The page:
Influence of geology and hydrogeology on heat rejection from residential basements in urban areas

Bidarmaghz, Asal; Choudhary, Ruchi; Soga, Kenichi; Kessler, Holger; Terrington, Ricky L.; Thorpe, Stephen. 2019 Influence of geology and hydrogeology on heat rejection from residential basements in urban areas. Tunnelling and Underground Space Technology, 92, 103068.

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Urbanization and limited land availability have resulted in the increased utilization of underground structures including residential basements in largely populated cities such as London, with an average addition of 200 basements per year in some boroughs. Residential basements kept at a comfortable temperature level throughout the year significantly contribute to heat fluxes in the subsurface as well as an increase in ground temperature. Understanding the ground thermal status is crucial in managing the significant geothermal energy potential in urban areas as well as the sustainable development of the urban underground, and in maintaining the energy efficiency of underground structures. In this proof-of-concept study, a 3D finite element approach accounting for coupled heat transfer and groundwater flow in the ground was used to investigate the influence of ground conditions on the heat rejection rate from basements. A detailed analysis was made of ground, above ground and underground built environment characteristics. This study demonstrates that the amount of heat from basements rejected to the ground constitutes a significant percentage of the total heat loss from buildings, particularly in the presence of groundwater flow. The extent of thermal disturbance in the ground varies depending on the ground characteristics. The volume of thermally disturbance ground inversely correlates with the groundwater flow rate in ground mainly consisting of highly permeable material. However, a direct correlation exists when the thickness of permeable soil layer decreases. A larger horizontal to vertical ratio of ground thermal disturbance is observed when the thickness of permeable soil layer increases.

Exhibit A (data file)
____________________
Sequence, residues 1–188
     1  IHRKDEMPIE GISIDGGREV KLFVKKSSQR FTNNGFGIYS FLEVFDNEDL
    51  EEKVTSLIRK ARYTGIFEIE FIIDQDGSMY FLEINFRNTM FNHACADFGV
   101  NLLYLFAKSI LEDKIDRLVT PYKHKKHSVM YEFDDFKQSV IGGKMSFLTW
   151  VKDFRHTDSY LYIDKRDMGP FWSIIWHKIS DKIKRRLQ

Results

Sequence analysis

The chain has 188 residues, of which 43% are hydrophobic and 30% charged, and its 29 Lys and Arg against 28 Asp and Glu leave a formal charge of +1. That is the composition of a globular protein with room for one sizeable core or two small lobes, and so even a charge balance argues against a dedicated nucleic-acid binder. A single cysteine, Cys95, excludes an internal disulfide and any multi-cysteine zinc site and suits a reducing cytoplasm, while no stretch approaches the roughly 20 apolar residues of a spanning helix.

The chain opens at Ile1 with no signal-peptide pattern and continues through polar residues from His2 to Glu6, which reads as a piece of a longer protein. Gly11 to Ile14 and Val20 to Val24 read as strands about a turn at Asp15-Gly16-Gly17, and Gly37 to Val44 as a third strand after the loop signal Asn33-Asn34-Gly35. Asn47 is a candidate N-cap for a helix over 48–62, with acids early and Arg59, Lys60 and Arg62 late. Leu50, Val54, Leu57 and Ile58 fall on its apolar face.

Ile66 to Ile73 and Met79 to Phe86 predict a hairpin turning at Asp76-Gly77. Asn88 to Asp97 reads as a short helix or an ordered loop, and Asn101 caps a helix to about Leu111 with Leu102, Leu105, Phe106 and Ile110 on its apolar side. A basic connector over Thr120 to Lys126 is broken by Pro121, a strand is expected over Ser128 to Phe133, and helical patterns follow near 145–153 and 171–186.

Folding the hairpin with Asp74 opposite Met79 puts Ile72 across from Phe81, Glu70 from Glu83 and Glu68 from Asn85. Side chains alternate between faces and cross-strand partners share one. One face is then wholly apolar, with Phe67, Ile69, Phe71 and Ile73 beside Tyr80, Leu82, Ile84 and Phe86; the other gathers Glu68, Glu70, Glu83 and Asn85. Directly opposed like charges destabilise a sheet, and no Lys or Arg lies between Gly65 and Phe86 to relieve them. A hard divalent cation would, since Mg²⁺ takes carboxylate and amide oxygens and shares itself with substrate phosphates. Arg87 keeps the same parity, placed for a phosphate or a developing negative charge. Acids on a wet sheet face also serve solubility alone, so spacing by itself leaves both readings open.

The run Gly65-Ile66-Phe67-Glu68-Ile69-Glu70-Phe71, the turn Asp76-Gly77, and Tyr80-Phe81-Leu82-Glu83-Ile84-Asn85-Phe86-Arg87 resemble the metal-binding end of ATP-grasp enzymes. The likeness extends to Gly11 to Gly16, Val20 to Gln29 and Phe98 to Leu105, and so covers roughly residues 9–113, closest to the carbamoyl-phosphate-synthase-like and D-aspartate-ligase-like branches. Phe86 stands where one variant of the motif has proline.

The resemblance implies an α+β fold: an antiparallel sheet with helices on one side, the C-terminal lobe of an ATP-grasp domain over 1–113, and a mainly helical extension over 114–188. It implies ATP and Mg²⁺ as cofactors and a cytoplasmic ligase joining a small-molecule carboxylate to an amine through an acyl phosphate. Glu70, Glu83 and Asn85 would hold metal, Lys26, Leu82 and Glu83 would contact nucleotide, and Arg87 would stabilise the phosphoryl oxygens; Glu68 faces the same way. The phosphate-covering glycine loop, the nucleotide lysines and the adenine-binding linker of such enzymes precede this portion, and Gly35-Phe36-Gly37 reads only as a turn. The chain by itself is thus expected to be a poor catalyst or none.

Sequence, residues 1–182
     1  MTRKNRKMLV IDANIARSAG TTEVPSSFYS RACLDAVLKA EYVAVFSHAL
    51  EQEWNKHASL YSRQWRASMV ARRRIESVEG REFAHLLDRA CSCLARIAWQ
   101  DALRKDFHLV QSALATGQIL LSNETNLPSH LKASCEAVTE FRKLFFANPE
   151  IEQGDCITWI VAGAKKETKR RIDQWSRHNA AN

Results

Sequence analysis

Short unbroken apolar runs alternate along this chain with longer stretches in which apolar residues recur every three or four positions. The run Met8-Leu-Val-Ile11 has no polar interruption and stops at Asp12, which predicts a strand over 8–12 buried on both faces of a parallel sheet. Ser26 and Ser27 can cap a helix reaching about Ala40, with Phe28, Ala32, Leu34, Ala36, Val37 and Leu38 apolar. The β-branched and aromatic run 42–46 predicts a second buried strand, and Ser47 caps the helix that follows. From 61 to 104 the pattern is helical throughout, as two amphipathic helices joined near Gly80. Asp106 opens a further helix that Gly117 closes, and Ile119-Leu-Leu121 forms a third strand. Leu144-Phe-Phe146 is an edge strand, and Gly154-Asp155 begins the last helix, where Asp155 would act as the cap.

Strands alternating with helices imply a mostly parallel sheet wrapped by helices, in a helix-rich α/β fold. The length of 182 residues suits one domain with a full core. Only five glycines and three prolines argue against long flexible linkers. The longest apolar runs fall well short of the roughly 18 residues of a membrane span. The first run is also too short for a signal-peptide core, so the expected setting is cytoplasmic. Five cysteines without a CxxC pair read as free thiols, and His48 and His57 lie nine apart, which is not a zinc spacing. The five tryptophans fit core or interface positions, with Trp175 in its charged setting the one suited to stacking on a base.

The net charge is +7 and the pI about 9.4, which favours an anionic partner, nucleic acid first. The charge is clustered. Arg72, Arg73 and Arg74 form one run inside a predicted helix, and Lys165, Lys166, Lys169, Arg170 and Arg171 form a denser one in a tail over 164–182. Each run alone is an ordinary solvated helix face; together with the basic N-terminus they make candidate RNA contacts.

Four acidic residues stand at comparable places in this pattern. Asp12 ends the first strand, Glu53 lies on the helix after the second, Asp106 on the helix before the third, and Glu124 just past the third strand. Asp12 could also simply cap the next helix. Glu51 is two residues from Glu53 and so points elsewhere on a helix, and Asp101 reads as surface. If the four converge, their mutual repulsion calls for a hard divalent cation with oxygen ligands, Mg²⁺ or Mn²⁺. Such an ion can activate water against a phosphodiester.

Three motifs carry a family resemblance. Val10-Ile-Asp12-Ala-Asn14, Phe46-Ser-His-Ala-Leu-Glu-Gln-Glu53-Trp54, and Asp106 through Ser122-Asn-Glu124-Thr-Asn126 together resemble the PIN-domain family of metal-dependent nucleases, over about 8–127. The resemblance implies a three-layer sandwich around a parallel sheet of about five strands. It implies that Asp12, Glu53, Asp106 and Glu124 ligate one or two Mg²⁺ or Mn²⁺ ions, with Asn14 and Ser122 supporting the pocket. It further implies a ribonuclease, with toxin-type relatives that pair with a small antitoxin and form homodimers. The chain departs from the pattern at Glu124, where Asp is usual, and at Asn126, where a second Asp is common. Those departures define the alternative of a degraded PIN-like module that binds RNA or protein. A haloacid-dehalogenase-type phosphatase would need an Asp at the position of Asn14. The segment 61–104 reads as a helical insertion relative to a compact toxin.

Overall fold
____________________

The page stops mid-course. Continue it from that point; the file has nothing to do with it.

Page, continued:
Item Type: Publication - Article
Digital Object Identifier (DOI):
ISSN: 08867798
Date made live: 09 Dec 2019 13:43 +0 (UTC)

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